Woods and Waters An outdoor blog by John McCoy

Turkey hunters hit morel jackpot

morel.jpgFrom the Belleville (Ill.) News-Democrat comes the story of a turkey hunter who stumbled upon the mother of all mother lodes for morel mushrooms.

Bottom line: The hunter and a friend gathered 56 pounds of the tasty fungi. Bet they heard from a lot of friends.

Hat tip: J.R. Absher at The Outdoor Pressroom.

Mating eagle falls on car

eaglemate.jpgThe moral of this story, from Cass Lake, Minn., is never to drive under a pair of mating bald eagles.

Conservation officer Mark Mathy was patrolling a stretch of Highway 371 when he came across a group of people on the road’s shoulder, huddled around an object lying on the ground.

It was a bald eagle.

Mathy asked if someone had hit the bird. One of the drivers said, “The eagle fell on my car.” Mathy examined the car and found a large dent in the hood.

When eagles mate they free-fall with one another. According to Mathy, the unfortunate bird, a female,  “forgot to start flying before she hit the vehicle.”

Yeah, but it tasted soooooo good!

megamouth.jpgWhat do fishermen do when they catch the wrong thing? Sometimes they eat it.

When a rare megamouth shark got tangled in a fishing net and died, fishermen in the Phillipines hauled the 1,100-pound creature home and carved it up.

The fact that fewer than 40 megamouths have ever been seen didn’t seem to make much difference to the fishermen; after all, shark meat happens to be the main ingredient in a local delicacy. Environmental advocates tried to persuade the Filipinos not to eat the 13-foot leviathan, but their pleas fell on deaf ears.

This story kind of reminds me of one that happened about 20 years ago. A fisherman at the Kanawha River’s Marmet Locks caught a paddlefish — a genuine rarity at the time. I happened to walk into the Division of Natural Resources’ offices about the time a DNR secretary was calling the fellow to arrange a photo for Wonderful West Virginia magazine.

“Hello, this is the DNR,” she said cheerfully. “We’d like to send a photographer over to get a picture of your fish!”

As she listened to the reply, her eyes widened and her jaw dropped.

“You …… ate …… it?”

He sure did — and he said it tasted mighty fine, too.

squrlpeanut.jpgThere’s an easily detectable line where common sense ends and hand-wringing begins, and I believe a public official in Wisconsin just crossed it.

Ron Blair, Assistant Facilities Director at the state Capitol in Madison, has issued a memo to state employees to stop feeding peanuts to squirrels on the Capitol grounds. Why? Because Blair believes it might endanger children with peanut allergies.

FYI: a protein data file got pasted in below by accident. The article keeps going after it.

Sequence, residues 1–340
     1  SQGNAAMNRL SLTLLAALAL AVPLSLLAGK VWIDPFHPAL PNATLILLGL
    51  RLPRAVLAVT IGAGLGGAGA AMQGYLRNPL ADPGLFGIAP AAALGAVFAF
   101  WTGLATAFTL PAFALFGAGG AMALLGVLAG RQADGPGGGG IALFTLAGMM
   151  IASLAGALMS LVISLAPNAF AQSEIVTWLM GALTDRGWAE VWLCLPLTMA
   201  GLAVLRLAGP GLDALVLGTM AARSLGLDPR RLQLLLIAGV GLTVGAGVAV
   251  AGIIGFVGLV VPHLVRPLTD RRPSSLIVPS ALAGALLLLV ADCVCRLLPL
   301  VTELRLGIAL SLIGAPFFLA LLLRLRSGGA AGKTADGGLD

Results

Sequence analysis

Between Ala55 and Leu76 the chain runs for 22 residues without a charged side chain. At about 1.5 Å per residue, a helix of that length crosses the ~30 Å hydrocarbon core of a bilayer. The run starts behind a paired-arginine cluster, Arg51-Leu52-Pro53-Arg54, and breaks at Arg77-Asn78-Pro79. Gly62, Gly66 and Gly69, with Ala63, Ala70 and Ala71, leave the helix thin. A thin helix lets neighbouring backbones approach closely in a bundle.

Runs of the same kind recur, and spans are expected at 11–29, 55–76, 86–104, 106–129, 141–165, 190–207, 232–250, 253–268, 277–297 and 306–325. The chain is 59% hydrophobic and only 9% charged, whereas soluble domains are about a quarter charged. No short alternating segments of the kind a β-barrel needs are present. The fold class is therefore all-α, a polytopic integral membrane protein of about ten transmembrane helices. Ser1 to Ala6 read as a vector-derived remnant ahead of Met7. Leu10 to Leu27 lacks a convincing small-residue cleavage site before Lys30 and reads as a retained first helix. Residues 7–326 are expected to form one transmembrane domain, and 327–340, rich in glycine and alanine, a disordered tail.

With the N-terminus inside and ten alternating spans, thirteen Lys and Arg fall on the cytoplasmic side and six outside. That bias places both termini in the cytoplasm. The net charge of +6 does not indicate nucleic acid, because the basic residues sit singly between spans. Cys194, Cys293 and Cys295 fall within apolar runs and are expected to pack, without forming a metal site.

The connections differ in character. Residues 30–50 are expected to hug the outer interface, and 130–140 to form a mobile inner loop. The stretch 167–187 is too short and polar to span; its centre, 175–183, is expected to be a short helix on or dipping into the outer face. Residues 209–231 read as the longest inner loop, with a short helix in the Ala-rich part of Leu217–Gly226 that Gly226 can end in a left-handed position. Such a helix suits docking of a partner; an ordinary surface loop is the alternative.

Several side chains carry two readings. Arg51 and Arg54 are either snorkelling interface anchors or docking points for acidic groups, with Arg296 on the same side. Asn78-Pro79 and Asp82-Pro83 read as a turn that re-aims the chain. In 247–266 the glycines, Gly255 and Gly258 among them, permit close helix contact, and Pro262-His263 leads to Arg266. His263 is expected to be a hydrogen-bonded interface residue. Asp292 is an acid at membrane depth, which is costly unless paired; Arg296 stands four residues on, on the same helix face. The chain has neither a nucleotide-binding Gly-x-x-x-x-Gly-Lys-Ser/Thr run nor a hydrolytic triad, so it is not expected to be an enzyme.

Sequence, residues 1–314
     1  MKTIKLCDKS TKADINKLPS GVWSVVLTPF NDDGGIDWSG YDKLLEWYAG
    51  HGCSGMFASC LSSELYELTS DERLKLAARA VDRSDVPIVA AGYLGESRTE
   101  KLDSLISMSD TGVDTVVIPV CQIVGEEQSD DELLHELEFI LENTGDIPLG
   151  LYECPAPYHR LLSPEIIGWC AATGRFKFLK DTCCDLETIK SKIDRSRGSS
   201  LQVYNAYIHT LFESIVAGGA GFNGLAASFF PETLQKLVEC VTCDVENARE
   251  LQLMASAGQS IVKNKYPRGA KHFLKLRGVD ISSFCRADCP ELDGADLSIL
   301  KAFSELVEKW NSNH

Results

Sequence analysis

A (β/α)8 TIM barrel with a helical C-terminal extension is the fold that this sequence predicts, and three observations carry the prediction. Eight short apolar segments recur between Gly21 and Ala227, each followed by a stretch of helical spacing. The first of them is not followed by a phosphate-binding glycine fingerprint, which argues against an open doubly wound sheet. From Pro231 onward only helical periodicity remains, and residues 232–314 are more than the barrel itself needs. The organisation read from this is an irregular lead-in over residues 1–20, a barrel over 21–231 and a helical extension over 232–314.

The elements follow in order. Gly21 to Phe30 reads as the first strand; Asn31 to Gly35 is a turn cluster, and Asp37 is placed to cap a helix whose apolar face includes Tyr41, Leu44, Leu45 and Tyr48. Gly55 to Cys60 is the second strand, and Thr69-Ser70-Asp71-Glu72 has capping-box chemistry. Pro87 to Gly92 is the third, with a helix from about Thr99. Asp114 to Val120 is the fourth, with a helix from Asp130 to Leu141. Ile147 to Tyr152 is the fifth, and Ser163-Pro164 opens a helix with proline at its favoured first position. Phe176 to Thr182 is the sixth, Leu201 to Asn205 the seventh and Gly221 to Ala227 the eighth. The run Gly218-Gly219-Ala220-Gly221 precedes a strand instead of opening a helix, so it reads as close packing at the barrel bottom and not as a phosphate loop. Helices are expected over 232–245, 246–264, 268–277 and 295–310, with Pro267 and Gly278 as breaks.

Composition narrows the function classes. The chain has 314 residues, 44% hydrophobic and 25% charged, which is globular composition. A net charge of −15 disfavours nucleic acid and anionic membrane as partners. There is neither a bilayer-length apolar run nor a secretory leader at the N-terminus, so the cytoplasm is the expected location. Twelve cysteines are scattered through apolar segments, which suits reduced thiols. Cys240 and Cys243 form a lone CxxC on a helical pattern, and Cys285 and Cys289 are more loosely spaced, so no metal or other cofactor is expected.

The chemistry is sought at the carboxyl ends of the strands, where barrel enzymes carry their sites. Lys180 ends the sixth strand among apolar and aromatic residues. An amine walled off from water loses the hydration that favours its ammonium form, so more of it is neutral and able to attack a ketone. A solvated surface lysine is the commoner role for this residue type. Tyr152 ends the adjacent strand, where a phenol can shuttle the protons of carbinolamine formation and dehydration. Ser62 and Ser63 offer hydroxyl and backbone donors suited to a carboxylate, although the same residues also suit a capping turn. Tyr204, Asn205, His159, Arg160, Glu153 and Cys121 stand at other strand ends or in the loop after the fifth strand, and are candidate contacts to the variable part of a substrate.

No matter that a spokeswoman for the Food Allergy Association of Wisconsin said the squirrel-feeding ban wouldn’t do any good. No matter, either, that a doctor interviewed by the Milwaukee Journal-Sentinel said the chance of a kid having a reaction was rather small.

It’s all about liability limitation, baby!

Raccoon: The other white meat

                                           raccoon2.jpgGee, city folks are learning what we West Virginians have known for a long time — that  properly cooked raccoons can be mighty fine eating.

Witness the success of 69-year-old Glemie Beasley, known in Detroit as “The Coon Man.” He supplements his income by hunting coons, butchering them and selling their carcasses for $15 apiece.

According to a recent article in the Detroit News, Beasley leaves the feet on the carcasses so purchasers will know they’re “getting real coons, and not cats or dogs.”

Choked to death by bait? Ugh!

In an attempt to entertain a chartered fishing boat filled with school children, a California man put a bait fish in his mouth.

Unfortunately, according to the Orange County Register, 54-year-old Jeff Twaddle choked to death on the bait. Attempts to revive him failed.

The sheer absurdity of the incident might amuse some readers, but keep in mind that a man died a most unpleasant death in an earnest attempt to make 20 kids happy, and that those kids witnessed the whole thing. Nothing to make fun of here.

The cops in Sarnia, Ontario, apparently don’t want coyotes in their town — not even ones made of cardboard.

When city park officials put cardboard cutouts of coyotes on the village green in an attempt to scare away geese, no one bothered to notify the cops.

Then, when a jogger complained that one of the coyotes “barked” at her, the cops turned out in force. They surrounded the offending critter, only to find that — it — wasn’t — real.

Sensing a prank, the cops confiscated the cutouts, leaving parks officials to deal with goose poop as best they could.

There’s dumb and there’s dumb. But for the life of me, I can’t figure out why two alleged gun-safe thieves literally drew police a map that proved their guilt.

The Fort Myers (Fla.) News-Press has the full story of how the cops tracked down the two men by following scrape marks the heavy safe made as they dragged it from its owner’s house to their hideout. Oh, brother…

Hat tip: J.R. Absher at The Outdoor Pressroom.

His fishing trip could have ended with a bang

Devin Sullivan, a fisherman from Jonesboro, Ark., knew he’d hooked something unusual when he felt a heavy weight at the end of his line but not much fight.

Sullivan reeled in his line and landed a Remington 870 pump-action shotgun.

He did the smart thing. He called police, as recounted in this KAIT-TV account of the incident.

Wonder what kind of lure Sullivan used? A 12-gauge shell?

 Hat tip: J.R. Absher at the Outdoor Pressroom.